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Georgia Bottoms is known in her small community as a beautiful, well-to-do, and devoutly Baptist Southern belle. Nobody knows that the family fortune has disappeared, and a single woman like Georgia needs an alternative, and discreet, means of income. In Georgia's case it is six well-heeled lovers.
- ISBN-13: 9780316033046
- ISBN-10: 0316033049
- Publisher: Little Brown and Company
- Publish Date: February 2011
- Page Count: 288
Publishers Weekly® Reviews
- Reviewed in: Publishers Weekly, page .
- Review Date: 2010-12-13
- Reviewer: Staff
Sassy Southern belle Georgia has a lot of secrets: a rotation of gentleman callers with unique sexual needs, a mother with a tenuous hold on reality, and a lucrative (if dodgy) business of selling at a huge mark-up the folk art quilts she buys and passes off as her own creations. But then 9/11 comes along, Georgia's world of naughty innocence is changed forever, and all the plates she once spun so effortlessly in midair come crashing down: her illegitimate black son shows up on her doorstep; her best friend and town mayor, Krystal, loses her job; her demented mom and drunken brother become increasingly errant; and one of her boyfriends—a spiteful preacher—has an unfortunate attack of conscience and intends to publicly confess his affair and simultaneously condemn poor Georgia to hell. Childress (One Mississippi) is sassy magnolia lit's Truman Capote—sharply observant, unrelentingly honest, and downright hilarious—and his Georgia peach is the freshest bad girl to rise from the South since Scarlett O'Hara. (Feb.)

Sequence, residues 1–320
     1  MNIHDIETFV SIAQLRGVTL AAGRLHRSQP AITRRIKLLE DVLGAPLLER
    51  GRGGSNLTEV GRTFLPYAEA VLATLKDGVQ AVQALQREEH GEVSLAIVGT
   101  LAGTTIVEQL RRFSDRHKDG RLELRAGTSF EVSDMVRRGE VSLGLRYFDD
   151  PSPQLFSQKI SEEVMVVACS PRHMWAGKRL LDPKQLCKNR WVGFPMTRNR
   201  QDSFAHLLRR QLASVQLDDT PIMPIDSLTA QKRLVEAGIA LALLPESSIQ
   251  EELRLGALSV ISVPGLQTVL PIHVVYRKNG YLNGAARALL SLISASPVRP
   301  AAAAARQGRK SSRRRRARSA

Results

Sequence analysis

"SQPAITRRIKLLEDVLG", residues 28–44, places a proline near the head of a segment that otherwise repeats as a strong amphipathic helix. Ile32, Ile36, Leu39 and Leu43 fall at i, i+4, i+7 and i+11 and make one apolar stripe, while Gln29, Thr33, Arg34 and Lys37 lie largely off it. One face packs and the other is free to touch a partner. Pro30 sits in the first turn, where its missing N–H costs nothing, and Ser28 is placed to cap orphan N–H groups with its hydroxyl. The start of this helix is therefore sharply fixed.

Southern belle style
Georgia Bottoms is the blond, beautiful Southern belle next door. As the central character in Mark Childress’ new novel, aptly titled for the aforementioned Georgia, she is the center of attention in Six Points, Alabama.
The vivacious Georgia grew up in the tiny town and, like everybody else there, she stayed put. Her best friend, Krystal, is the city’s mayor, her brother, “Brother,” is the municipal misfit, and her momma, plagued with dementia, is losing her mind.
The good Southern Baptist that she is, Georgia has occupied the same pew at church for as long as she can remember. Trouble is, lately she’s not coming to find forgiveness. Rather, Georgia Bottoms opens with Georgia feigning a fainting spell to keep the preacher from confessing from the pulpit. You see, he’s been spending his Saturday nights apart from his family and in Georgia’s arms. And he’s not the only guilty one singing hymns on Sunday mornings. But Georgia can’t risk letting his pious conscience get the best of him—she has too much at stake. The Bottoms family fortune is long gone, and Georgia has a long-kept secret for which she needs the cash flow. And it’s not just for her manicures or her Belk shopping sprees, either.
Childress, an Alabama native, brings the same humor and flair for drama to Georgia Bottoms that made his novel Crazy in Alabama such a hit. He is a master of penning dialect, especially when it’s uttered south of the Mason-Dixon line. Georgia’s Southern accent floats off the page, making Georgia Bottoms a quick, entertaining novel for Childress fans and new readers alike. If you’ve got Southern roots, this is a must-read, y’all.